A controversial taxpayer-funded “job centre” opened in Mali this week is just the first step towards promoting “free movement of people in Africa and the EU”.Brussels economists claim Britain and other EU states will “need” 56 million immigrant workers between them by 2050 to make up for the “demographic decline” due to falling birth rates and rising death rates across Europe.The report, by the EU statistical agency Eurostat, warns that vast numbers of migrants could be needed to meet the shortfall in two years if Europe is to have a hope of funding the pension and health needs of its growing elderly population.It states: “Countries with low fertility rates could require a significant number of immigrants over the coming decades if they want to maintain the existing number of people of working age.“Having sufficient people of working age is vital for the economy and for tax revenue.”The report, by French MEP Francoise Castex, calls for immigrants to be given legal rights and access to social welfare provision such as benefits.Ms Castex said: “It is urgent that member states have a calm approach to immigration. To say ‘yes’, we need immigration … it is not a new development, we must accept it.”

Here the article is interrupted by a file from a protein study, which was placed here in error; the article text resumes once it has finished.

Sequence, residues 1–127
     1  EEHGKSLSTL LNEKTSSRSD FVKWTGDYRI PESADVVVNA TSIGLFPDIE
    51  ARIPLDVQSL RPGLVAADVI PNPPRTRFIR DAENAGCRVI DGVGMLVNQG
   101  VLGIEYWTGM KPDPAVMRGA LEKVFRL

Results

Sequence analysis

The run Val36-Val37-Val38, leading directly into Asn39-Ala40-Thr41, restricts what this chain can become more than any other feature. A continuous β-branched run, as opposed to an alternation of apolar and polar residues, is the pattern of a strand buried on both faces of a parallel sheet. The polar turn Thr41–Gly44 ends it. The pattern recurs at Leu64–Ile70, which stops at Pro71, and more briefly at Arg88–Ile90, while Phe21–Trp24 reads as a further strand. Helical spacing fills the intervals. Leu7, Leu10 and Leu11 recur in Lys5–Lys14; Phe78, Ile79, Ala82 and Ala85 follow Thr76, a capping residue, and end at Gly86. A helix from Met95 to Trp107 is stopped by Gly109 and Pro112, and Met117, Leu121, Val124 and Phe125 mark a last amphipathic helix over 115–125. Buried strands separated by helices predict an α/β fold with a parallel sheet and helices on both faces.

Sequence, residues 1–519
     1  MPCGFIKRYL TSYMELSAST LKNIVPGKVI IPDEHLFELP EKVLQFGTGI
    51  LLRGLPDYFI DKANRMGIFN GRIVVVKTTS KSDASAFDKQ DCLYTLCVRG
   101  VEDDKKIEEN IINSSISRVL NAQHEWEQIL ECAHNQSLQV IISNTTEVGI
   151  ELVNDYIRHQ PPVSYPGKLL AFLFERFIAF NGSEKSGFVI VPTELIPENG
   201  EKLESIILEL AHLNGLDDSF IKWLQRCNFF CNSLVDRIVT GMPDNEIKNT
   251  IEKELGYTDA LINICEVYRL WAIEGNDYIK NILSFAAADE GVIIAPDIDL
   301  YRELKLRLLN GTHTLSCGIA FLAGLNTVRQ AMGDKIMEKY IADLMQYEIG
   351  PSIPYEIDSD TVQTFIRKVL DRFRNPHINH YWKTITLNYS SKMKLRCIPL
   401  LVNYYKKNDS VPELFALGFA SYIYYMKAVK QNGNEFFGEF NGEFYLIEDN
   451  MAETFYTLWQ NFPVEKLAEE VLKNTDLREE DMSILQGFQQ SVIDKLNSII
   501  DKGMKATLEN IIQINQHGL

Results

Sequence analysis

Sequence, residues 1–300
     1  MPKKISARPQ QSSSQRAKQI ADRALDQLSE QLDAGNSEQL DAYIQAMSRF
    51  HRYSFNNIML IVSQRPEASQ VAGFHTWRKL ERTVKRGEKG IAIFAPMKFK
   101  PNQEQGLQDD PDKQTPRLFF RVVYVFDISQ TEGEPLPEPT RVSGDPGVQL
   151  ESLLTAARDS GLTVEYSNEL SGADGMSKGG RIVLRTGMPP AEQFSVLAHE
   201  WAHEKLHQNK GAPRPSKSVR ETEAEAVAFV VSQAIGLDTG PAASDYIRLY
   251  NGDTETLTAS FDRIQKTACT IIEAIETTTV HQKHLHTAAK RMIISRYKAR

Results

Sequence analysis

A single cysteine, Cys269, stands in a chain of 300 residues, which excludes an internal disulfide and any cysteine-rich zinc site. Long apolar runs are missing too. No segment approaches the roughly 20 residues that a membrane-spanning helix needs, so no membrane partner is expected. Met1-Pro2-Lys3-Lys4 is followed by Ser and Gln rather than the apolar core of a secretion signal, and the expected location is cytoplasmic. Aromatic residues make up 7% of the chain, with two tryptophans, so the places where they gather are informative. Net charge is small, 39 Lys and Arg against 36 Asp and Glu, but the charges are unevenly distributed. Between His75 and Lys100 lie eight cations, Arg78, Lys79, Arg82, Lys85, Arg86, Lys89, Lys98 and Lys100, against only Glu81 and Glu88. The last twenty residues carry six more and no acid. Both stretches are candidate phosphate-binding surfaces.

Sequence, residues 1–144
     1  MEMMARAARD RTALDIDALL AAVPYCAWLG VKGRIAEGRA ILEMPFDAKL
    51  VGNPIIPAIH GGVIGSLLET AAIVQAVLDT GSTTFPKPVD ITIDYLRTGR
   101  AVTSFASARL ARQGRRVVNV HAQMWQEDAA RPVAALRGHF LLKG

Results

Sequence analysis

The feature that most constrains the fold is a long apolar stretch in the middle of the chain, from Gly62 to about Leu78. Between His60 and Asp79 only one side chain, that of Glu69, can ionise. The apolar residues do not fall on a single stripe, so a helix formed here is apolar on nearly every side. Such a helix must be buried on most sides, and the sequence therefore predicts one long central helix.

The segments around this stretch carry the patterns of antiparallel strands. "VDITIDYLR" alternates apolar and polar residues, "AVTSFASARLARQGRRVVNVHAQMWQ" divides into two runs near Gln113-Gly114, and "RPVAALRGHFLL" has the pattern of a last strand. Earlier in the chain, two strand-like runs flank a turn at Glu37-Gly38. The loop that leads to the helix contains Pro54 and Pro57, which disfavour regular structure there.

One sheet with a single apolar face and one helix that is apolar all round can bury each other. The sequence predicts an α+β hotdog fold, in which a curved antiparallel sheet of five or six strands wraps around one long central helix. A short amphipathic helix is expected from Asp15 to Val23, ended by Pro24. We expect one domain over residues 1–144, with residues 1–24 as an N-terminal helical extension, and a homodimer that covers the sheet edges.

The proposals include the creation of a “blue card” system, based on the American green card, that provides full working and welfare rights.Blue card holders would be entitled to move freely across the EU, setting up home in any of the 27 member states.
Last night Sir Andrew Green, of MigrationWatchUK said: “England, with Holland, is already the most crowded country in Europe.
“As it is, we have to build the equivalent of seven cities the size of Birmingham over 25 years for the immigrants the Government already expects.
“Yet again the ‘one-size-fits-all’ policy of the EU produces absurd results. These would be ridiculous proposals if they were applied to the Britain.
“The Government must ensure that these work permits are not valid for the UK.
“Higher levels of immigration are the last thing we need with a recession approaching.”
And Shadow Home Secretary Dominic Grieve said: “When ministers are talking tough about efforts to control immigration, they need to provide a clear explanation that national policy is not being undermined through the backdoor in Brussels.”
The UK Independence Party leader Nigel Farage attacked the move as “an outrage”. He said: “The sooner Britain gets back control of immigration policy, the better.”